Half stock rifle

Date:
ca. 1840s
Creator:
Golcher; Lamb
Description (physical):

L: 55''; Barrel: 39 1/4''

Location:
500 S Bronough St,Florida,Tallahassee,32399
Identifier:
93561
Institution:
Museum of Florida History
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Dividers

Navigational instruments from the QAR include a set of dividers (length 4.2 in.) nearly identical to a pair recovered from the pirate ship Whydah Galley. Although the steel needles held in slots at the ends of the arms are now missing, the dividers are in remarkable condition and still operate at the pivotal hinge. Dividers were one of the essential tools used by navigators for determining positions on charts.

Description (physical):

L: 4.2".

Identifier:
QAR332.001
Institution:
Queen Anne's Revenge

Trade Beads

Portable, desirable, and durable, beads find their way onto many archaeological sites. The complex artifact assemblage from shipwreck site 31CR314 includes hundreds of glass beads. Whether they were among the ships occupants' personal effects, or lost from a hank and caught between the floorboards, reminders of the ship's Concorde life as a slave trader, one will likely never know.

Identifier:
QAR347.002
Institution:
Queen Anne's Revenge

Gold Dust

Over 2,000 flakes and specks of gold in its natural form have been found mostly in the area of the shipwreck related to the vessel's stern. Although valuables were not expected to be found on the wreck because of the circumstances of its sinking, several historical accounts place some 20 lbs. of West African gold dust on board the Concorde. The interiors of several flakes of the gold have been analyzed, and each is between 65% and 91% pure gold, while the exteriors feature a high purity gold rim, nearly 100% gold. Read more »

Identifier:
QAR346.000
Institution:
Queen Anne's Revenge

Wine Bottle

Date:
C. Early 1700s

Two whole "squat" wine bottles and 56 base and body shards, collectively representing at least one more vessel, have been recovered from 31CR314. All of these specimens represent hand-blown, dark green/olive glass bottles, English origin and dating to the first quarter of the 18th century. The overall shape of the two whole bottles dates to 1708 on the Williamsburg bottle chronology developed by Noel Hume. During this period wine bottle exhibited a "body sagging down on itself and the base spreading, a profile ungallantly known... as the "Queen Anne shape".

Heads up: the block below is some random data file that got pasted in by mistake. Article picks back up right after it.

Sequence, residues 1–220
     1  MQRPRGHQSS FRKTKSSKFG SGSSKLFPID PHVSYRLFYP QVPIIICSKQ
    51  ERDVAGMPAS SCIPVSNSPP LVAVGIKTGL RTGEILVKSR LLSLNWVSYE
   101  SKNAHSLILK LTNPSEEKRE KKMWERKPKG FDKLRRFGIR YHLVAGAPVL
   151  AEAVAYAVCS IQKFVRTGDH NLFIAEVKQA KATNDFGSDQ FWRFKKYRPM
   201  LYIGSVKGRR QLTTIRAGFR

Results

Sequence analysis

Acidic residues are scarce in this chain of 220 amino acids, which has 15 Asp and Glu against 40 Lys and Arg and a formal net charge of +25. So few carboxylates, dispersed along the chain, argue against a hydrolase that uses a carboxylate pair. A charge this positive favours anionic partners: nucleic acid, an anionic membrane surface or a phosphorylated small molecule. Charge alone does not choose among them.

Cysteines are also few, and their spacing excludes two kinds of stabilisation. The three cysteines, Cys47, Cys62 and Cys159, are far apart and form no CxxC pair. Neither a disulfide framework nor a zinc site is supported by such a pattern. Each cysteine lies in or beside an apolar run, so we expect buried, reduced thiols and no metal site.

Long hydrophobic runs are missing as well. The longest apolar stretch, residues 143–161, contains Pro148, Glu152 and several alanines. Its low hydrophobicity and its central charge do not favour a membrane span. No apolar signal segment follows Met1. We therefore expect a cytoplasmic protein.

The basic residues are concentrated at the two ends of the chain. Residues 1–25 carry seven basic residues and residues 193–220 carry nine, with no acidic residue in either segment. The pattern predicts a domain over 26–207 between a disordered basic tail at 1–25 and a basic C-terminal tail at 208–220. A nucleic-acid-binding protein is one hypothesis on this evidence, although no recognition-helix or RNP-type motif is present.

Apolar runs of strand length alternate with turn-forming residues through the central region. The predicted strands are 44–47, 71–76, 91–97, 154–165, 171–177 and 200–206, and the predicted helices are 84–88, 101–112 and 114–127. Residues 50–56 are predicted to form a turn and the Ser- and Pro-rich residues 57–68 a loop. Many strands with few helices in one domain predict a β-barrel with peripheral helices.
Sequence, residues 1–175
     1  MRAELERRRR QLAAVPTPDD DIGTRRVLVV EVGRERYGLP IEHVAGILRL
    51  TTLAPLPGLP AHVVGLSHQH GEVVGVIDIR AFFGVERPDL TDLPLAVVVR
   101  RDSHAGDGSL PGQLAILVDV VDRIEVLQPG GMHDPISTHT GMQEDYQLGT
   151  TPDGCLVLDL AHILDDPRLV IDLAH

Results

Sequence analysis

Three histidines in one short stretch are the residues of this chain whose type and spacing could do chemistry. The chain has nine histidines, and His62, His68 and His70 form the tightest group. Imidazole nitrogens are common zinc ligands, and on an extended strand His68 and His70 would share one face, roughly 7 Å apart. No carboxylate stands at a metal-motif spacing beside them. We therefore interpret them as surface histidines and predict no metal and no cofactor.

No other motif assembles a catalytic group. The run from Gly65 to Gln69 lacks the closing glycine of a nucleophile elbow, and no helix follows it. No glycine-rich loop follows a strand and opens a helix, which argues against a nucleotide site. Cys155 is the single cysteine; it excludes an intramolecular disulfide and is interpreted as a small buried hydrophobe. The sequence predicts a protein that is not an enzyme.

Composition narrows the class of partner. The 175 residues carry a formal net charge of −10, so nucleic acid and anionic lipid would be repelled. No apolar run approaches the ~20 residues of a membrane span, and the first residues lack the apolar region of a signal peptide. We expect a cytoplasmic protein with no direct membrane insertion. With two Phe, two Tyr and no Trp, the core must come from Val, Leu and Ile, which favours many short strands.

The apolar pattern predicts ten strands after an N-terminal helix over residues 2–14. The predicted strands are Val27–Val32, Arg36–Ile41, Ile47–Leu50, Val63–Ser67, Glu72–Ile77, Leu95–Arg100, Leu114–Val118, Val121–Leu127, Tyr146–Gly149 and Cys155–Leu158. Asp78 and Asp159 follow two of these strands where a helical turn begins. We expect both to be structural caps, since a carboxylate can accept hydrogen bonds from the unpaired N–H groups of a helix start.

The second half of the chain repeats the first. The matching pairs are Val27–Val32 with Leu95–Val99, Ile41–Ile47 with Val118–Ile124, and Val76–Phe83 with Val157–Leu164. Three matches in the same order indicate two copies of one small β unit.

Identifier:
QAR557.000
Institution:
Queen Anne's Revenge

Pewter Ware

Creator:
George Hammond, John Stiles, Henry Sewdley

So far a total of fifteen pewter flatware artifacts, whole or fragmentary, have been analyzed. They represent six plates, three dishes, and three chargers. From their legible makers marks at least four of the flatware vessels were made in England by London pewterers George Hammond, John Stiles and Henry Sewdley during the late 17th and early 18th century. Pewter flatware could have been carried on a ship for a number of reasons: as cargo, as trade goods (for example on slavers), as scrap metal or as tableware. Read more »

Identifier:
QAR320.001
Institution:
Queen Anne's Revenge

Seat of Ease

This rolled piece of funnel shaped metal that appears to be lead is 32.5 inches long and exhibits a flange at its wider opening. It has been identified as a waste tube that was fitted in the extreme stern of the vessel for officers' use. A similar device has been found on the Whydah (1717), Henrietta Marie (1700), and Dartmouth (1690) shipwrecks.

Description (physical):

L: 32.5".

Identifier:
QAR623.000
Institution:
Queen Anne's Revenge

Sail Cloth

Thirteen small fabric fragments have been analyzed, which represent two types of fabric structure: 2x1 half basket weave and 1x1 plain weave. The half basket weave is the most common fabrication structure used for heavier sails. The baste fiber fabric can provide a wealth of information with regard to type of sail and possibly country of origin base on their fabric structure, e.g. weave structure and fabric count, as well as seam types.

Identifier:
QAR347.006
Institution:
Queen Anne's Revenge

Small Bell

The small bell found on the shipwreck came from the stern of the vessel and exhibits no markings. It weighs 6.64kg. These bells may not be part of the ship's equipment but represent cargo or personal possessions.

Description (physical):

Wt: 6.64kg.

Identifier:
QAR1326.000
Institution:
Queen Anne's Revenge

Large Bell

Date:
1705

Of two bells recovered from the wreck, the larger bell recovered around mid ship is dated 1705 and features the Roman Catholic invocation IHS MARIA [ Iesus Hominum Salvator]. This bell weighs 21 lbs. and has a base diameter of 21 cm (8.27 in) and an overall height of 32.5 cm (12.4 in).

Description (physical):

Wt: 21lbs., H: 12.4", Di: 8.27".

Identifier:
QAR017.001
Institution:
Queen Anne's Revenge